Radiation Physics

PV QA 3 - Poster Viewing Q&A 3

TU_6_3169 - Evaluation of Irregular Surface Compensator Technique Using FFF for Dibh Left-Side Breast Radiation

Tuesday, October 23
1:00 PM - 2:30 PM
Location: Innovation Hub, Exhibit Hall 3

Evaluation of Irregular Surface Compensator Technique Using FFF for Dibh Left-Side Breast Radiation
J. L. Peng1, M. Ashenafi1, D. G. McDonald1, C. Mart2, N. C. Koch1, J. L. Harper1, W. Godwin1, and K. N. Vanek1; 1Medical University of South Carolina, Charleston, SC, 2Medical University Of South Carolina, Charleston, SC

Purpose/Objective(s): With the increasing use of deep inspiration breath hold (DIBH) techniques for left-sided breast cancer to reduce the heart toxicity, treatment efficiency could be the significant factor to impact the treatment accuracy of DIBH technique. The aim of this study was to determine the optimal technique for DIBH left-breast irradiation, with a focus on irregular surface compensator (ISC) and flatten-filter free (FFF) delivery.

Materials/Methods: Ten DIBH left breast cases were randomly selected. Each case was contoured following guidelines included in the RTOG1304 protocol, and planned using both field-in-field(FIF) and ISC techniques with FFF delivery. ISC is a tool in our treatment planning system which enables improved dose homogeneity for irregular shapes. The fluence distribution required to produce a planar dose perpendicular to the central axis at a specified depth and then delivered using a dynamic MLC field. The fluence value of the superficial region is also applied in order to ease MLC movement in the flash region. A prescription dose of 42.56Gy delivered in 16 fractions was used for all cases. Plans were compared and evaluated by several dose metrics as well as the treatment time. Differences were assessed for statistical significance(p<0.05) by use of Student's t-test.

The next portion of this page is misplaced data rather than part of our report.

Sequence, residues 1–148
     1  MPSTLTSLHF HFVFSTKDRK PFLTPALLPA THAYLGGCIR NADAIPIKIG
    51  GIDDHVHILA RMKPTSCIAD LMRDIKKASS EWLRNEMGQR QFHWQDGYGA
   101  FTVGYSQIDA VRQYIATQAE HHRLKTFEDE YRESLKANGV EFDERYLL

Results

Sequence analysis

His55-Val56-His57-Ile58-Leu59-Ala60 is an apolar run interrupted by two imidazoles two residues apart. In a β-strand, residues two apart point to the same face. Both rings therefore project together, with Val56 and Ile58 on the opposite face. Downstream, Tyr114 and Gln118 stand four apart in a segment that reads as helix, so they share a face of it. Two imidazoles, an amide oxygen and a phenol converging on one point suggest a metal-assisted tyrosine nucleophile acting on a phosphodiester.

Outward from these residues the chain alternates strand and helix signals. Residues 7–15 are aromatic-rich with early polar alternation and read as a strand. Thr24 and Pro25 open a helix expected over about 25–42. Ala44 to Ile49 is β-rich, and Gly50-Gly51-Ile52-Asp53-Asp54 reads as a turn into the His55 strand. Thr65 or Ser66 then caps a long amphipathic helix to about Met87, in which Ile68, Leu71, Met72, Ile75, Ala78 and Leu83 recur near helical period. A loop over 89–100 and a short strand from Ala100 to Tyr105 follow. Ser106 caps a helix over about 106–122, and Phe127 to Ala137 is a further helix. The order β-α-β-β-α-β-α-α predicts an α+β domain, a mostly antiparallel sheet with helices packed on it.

Results: For targets, both plans exhibited similar coverage(V95%).ISC significantly improved the dose homogeneity index, and the maximum dose. Additionally, ISC provided slightly lower mean heart dose than FIF(2.7Gy v.s.3.1Gy,p=0.05).ISC also reduced V20Gy of the ipsilateral lung(18% v.s.22%).Finally, because of the dynamic MLC delivery, the ISC reduced the delivery time by 55% and the breath hold time by 40% per field as compared to FIF. Additionally, with FFF delivery in ISC plans, the delivery time is additional 30%-40% faster than the flattened beam.

Conclusion: ISC technique not only guarantees skin flash, but also offers improved plan efficiency, better normal tissue sparing, and shorter treatment time compared to FIF. With the shorter delivery time and FFF delivery with high dose rate, patient motion associated with breath hold is also reduced. The ISC technique with FFF delivery is a suitable replacement for FIF in DIBH left-side breast treatment.

Author Disclosure: J.L. Peng: None. M. Ashenafi: None. D.G. McDonald: None. C. Mart: None. K.N. Vanek: None.

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